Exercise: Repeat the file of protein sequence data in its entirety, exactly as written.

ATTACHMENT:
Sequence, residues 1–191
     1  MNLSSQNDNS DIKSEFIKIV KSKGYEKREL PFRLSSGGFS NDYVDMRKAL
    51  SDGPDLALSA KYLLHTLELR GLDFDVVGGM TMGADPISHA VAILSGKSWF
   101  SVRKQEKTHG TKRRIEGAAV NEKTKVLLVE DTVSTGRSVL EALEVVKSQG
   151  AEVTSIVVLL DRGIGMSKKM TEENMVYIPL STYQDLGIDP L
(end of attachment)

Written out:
Sequence, residues 1–191
     1  MNLSSQNDNS DIKSEFIKIV KSKGYEKREL PFRLSSGGFS NDYVDMRKAL
    51  SDGPDLALSA KYLLHTLELR GLDFDVVGGM TMGADPISHA VAILSGKSWF
   101  SVRKQEKTHG TKRRIEGAAV NEKTKVLLVE DTVSTGRSVL EALEVVKSQG
   151  AEVTSIVVLL DRGIGMSKKM TEENMVYIPL STYQDLGIDP L